Field of Science

Chemistry Nobel for Biologist

So there we are; Roger Kornberg following in line behind his father, has won the Nobel for chemistry. This prize also seems to have been a quickie; Kornberg's pivotal papers seem to have been published after 2000. I am sure Kornberg deserved it, but like Paul, who stayed up all night looking at the announcements, I too don't feel really excited about it. I wouldn't have predicted this as I am not so familiar with molecular biologists, but I was surprised to see that absolutely no blog I read had this name in a post or in the comments. No problem of course with molecular biologists getting the chemistry prize. In a way, it's a triumph for chemistry because it shows the vast scope and purview of the science. Maybe the committee decided to balance the 'pure' chemistry that was honoured last year with something more interdisciplinary. But it's always more exciting to see the prize awarded to someone whose work you are familiar with and who is more from your general field, as happened last year.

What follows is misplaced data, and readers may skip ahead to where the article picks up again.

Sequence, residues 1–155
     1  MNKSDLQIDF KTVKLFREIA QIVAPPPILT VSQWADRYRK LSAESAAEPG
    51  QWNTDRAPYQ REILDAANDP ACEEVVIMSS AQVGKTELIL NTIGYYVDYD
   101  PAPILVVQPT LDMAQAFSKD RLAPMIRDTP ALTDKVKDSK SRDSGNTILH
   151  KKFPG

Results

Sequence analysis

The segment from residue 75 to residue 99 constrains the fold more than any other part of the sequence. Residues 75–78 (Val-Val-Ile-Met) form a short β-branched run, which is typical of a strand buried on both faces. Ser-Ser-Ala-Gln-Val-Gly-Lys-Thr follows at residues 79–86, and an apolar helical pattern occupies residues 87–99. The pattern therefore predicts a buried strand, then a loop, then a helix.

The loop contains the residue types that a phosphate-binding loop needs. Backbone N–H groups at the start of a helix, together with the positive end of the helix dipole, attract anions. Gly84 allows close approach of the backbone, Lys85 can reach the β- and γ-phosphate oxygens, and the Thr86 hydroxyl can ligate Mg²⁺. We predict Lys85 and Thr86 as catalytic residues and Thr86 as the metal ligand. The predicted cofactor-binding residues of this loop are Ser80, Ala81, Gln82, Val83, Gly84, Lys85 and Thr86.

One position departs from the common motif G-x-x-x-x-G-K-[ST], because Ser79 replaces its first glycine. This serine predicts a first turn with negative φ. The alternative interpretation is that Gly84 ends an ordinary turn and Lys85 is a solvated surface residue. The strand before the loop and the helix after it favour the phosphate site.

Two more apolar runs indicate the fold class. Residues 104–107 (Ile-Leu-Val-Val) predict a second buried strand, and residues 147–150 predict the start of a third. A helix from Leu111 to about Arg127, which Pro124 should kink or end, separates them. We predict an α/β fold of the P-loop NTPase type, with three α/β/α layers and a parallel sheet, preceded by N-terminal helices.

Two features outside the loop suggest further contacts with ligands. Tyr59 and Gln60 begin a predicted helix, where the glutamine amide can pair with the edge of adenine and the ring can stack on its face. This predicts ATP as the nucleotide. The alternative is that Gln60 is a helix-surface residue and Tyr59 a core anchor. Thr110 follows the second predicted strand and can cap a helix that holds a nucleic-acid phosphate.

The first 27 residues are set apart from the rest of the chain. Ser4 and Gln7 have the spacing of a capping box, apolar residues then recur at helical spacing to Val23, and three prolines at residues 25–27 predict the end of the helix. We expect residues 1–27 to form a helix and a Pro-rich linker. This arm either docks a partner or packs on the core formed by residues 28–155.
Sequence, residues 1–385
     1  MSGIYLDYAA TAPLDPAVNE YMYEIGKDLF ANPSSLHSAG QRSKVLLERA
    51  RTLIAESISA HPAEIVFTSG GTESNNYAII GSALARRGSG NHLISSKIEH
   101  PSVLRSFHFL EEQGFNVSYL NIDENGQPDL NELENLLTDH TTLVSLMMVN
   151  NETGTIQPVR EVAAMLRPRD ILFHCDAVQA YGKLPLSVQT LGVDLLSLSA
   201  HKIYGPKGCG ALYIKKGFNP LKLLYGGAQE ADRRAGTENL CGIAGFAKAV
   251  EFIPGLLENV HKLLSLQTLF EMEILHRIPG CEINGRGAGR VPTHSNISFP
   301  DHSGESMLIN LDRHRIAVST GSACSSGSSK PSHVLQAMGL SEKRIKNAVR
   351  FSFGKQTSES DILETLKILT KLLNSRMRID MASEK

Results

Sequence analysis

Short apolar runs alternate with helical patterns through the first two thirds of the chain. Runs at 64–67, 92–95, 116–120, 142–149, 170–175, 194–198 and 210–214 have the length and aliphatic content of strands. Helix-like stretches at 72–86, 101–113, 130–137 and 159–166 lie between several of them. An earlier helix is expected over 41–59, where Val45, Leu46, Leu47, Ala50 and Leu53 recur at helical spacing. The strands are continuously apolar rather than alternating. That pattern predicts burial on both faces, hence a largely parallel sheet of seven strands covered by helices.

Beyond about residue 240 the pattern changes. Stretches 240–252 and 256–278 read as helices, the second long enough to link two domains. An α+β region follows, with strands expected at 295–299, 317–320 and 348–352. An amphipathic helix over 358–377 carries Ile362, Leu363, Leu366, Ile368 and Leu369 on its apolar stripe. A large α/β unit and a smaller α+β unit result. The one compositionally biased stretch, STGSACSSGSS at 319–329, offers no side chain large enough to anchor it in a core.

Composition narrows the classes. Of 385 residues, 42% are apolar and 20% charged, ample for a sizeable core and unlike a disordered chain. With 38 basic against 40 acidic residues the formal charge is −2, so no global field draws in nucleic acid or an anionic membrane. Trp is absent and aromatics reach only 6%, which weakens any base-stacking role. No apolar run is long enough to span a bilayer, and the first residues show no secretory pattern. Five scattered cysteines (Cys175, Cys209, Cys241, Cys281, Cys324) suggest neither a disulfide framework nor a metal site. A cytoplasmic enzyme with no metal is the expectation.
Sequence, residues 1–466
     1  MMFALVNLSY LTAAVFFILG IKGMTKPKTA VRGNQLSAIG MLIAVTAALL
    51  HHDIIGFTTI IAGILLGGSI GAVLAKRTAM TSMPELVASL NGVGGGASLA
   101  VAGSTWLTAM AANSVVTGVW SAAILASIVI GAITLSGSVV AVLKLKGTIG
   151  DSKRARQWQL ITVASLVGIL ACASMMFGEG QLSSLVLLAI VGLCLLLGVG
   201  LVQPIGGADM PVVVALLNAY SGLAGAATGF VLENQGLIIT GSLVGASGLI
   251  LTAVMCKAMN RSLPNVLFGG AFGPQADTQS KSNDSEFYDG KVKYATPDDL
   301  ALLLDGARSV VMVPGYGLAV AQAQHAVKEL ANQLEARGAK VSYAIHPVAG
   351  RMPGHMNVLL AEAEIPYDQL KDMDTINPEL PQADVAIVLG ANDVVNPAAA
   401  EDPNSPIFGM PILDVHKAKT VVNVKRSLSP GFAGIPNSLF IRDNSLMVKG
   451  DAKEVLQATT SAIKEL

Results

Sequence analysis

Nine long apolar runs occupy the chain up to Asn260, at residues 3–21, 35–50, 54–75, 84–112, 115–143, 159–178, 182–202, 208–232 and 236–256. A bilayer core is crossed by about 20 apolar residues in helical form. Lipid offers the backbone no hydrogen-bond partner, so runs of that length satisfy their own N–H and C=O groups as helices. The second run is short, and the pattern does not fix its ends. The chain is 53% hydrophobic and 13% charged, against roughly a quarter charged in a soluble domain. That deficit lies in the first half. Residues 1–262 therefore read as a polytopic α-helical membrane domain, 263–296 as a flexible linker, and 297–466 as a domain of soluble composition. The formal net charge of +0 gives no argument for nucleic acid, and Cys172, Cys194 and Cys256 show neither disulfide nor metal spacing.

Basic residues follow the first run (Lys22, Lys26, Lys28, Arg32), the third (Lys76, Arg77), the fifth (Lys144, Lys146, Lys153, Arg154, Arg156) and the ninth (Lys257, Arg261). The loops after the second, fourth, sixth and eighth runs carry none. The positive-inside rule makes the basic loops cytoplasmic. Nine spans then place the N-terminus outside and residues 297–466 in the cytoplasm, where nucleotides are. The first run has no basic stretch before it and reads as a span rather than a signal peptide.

1 comment:

  1. Speaking as a biophysical chemist (-ry grad student), I was pleasantly surprised by the Kornberg announcement this morning. I figured he might be a somewhat more likely prospect down the road, but like with this year's Medicine prize, they went with someone whose work was a bit more recent. Just to counter the prevailing trends in the chemistry blogosphere, I had heard of Roger Kornberg from quite a while ago - he did some amazing work with Aaron Klug (another chemistry Nobel Laureate for work done in structural biology) a long while back on histones, and then had moved onto his work on transcription.

    I think if we, as chemists, want to keep using the "central science" moniker, we'll have to get used to the fact that sometimes it will blend into the other sciences.


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